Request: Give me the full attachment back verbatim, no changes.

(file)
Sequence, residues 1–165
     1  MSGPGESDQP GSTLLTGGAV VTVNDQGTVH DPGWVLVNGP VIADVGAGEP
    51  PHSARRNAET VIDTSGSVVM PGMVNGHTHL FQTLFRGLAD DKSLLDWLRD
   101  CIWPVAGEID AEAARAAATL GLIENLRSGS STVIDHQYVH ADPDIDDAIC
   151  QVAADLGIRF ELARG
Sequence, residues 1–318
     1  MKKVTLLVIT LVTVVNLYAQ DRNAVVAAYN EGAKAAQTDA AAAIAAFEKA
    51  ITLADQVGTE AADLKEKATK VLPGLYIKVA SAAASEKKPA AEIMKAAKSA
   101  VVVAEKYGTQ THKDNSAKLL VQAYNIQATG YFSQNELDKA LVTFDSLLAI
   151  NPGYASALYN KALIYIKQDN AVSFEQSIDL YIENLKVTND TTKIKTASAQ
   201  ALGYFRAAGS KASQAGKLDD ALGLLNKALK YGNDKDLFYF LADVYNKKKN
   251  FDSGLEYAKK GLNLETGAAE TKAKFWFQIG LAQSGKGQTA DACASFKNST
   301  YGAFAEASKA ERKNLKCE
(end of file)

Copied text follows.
Sequence, residues 1–165
     1  MSGPGESDQP GSTLLTGGAV VTVNDQGTVH DPGWVLVNGP VIADVGAGEP
    51  PHSARRNAET VIDTSGSVVM PGMVNGHTHL FQTLFRGLAD DKSLLDWLRD
   101  CIWPVAGEID AEAARAAATL GLIENLRSGS STVIDHQYVH ADPDIDDAIC
   151  QVAADLGIRF ELARG
Sequence, residues 1–318
     1  MKKVTLLVIT LVTVVNLYAQ DRNAVVAAYN EGAKAAQTDA AAAIAAFEKA
    51  ITLADQVGTE AADLKEKATK VLPGLYIKVA SAAASEKKPA AEIMKAAKSA
   101  VVVAEKYGTQ THKDNSAKLL VQAYNIQATG YFSQNELDKA LVTFDSLLAI
   151  NPGYASALYN KALIYIKQDN AVSFEQSIDL YIENLKVTND TTKIKTASAQ
   201  ALGYFRAAGS KASQAGKLDD ALGLLNKALK YGNDKDLFYF LADVYNKKKN
   251  FDSGLEYAKK GLNLETGAAE TKAKFWFQIG LAQSGKGQTA DACASFKNST
   301  YGAFAEASKA ERKNLKCE